The transparent selection of employees with reference to their roles and acceptable criteria such as length of service, performance etc... should prevent grievance and protect you against expensive adverse action claims. Transparency of process usually assists those who do leave to do so without feeling victimised.
Consider & Consult
Before any decisions are made it is legally and practically necessary for the business to turn its mind to whether there are any alternative solutions to redundancy – AND talk to employees about those considerations.
A failure to consult will breach any modern award that may apply, and even if your employees are award free is still necessary to avoid claims of acting in bad faith. You may like to call for volunteers for redundancy as a first step. That ought to identify those you were probably going to lose soon anyway.
In addition to considering whether employees in redundant roles could be redeployed to other roles, employers could offer part-time work or salary reductions. Even stop-gap measures like accessing leave with out pay and/or annual leave may make more long-term economic sense if the downturn may be temporary.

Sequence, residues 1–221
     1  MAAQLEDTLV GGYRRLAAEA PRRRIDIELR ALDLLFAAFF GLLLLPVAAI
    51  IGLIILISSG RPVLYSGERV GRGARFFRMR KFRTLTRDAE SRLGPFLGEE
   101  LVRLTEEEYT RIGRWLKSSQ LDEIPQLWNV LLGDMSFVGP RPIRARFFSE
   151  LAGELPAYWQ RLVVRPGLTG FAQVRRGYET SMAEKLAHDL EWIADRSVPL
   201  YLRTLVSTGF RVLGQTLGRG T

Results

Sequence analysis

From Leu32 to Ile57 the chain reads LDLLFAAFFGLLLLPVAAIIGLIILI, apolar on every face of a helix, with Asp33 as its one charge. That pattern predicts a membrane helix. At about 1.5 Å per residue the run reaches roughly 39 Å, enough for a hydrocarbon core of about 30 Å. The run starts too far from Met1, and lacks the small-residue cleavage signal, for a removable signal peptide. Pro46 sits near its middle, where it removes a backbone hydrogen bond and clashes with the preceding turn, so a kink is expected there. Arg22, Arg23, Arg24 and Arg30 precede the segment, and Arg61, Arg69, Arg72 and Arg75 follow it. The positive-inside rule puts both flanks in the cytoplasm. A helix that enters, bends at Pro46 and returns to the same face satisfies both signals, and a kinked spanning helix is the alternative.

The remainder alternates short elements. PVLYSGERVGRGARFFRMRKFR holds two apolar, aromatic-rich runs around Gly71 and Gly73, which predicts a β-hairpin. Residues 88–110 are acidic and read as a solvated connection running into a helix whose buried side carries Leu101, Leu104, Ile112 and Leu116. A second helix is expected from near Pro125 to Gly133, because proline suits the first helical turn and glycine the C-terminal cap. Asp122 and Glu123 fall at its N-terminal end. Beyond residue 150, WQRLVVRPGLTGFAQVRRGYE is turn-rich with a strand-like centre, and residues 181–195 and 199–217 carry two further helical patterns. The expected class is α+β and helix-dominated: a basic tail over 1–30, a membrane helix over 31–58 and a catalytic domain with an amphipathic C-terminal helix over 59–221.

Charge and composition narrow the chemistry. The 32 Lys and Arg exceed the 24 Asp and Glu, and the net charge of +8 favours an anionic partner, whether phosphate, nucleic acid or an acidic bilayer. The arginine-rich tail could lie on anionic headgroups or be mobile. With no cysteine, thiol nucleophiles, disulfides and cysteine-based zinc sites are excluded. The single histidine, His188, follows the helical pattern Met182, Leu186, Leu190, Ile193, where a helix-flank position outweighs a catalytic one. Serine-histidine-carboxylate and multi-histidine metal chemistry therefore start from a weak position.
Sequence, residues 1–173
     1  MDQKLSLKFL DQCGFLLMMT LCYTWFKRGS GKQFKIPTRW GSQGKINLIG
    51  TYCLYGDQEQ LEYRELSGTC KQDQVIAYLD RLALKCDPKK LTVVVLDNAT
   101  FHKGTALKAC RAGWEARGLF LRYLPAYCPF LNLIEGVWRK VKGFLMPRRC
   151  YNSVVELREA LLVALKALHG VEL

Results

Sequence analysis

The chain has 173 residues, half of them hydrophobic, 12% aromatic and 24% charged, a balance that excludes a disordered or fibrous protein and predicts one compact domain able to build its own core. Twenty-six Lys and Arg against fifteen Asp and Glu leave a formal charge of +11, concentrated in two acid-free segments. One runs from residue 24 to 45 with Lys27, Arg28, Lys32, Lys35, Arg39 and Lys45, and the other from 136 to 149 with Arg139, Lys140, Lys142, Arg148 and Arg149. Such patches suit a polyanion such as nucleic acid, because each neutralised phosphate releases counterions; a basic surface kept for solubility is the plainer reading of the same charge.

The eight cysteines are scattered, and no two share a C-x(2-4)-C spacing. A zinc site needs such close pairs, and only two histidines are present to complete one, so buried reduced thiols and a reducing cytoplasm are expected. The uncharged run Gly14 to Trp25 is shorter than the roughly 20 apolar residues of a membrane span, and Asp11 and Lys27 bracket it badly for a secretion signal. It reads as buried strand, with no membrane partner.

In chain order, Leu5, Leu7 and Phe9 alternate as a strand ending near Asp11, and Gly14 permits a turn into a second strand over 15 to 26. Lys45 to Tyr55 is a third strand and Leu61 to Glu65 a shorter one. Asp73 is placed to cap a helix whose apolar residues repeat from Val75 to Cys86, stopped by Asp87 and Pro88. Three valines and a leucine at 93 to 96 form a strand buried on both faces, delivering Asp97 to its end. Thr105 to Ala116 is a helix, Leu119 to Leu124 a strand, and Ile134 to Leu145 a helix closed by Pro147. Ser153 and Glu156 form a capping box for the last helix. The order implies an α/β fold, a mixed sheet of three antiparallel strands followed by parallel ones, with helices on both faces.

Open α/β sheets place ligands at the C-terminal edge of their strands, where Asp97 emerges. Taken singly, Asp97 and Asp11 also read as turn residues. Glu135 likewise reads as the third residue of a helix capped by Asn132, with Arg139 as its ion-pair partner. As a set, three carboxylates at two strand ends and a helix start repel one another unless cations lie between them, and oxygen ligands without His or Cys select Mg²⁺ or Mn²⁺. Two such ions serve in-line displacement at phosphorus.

All possibilities can and should be considered as part of consultation. Anything is possible where an employee agrees, and in the current economic climate employees will often be keen to stay employed at any cost – even if only to avoid being unemployed while applying for alternative jobs.
Some employees and employers are exempted from the redundancy provisions of the Fair Work Act 2009, such as small businesses, casual employees and employees with less than 12 months service. Different rules apply to businesses run as not-for-profits, and if any business can genuinely not pay the required entitlements there are legal solutions. Since redundancy is almost always about terminations that are required to ensure the profitability of the business most employees will understand that nothing more than legislated entitlements can be paid.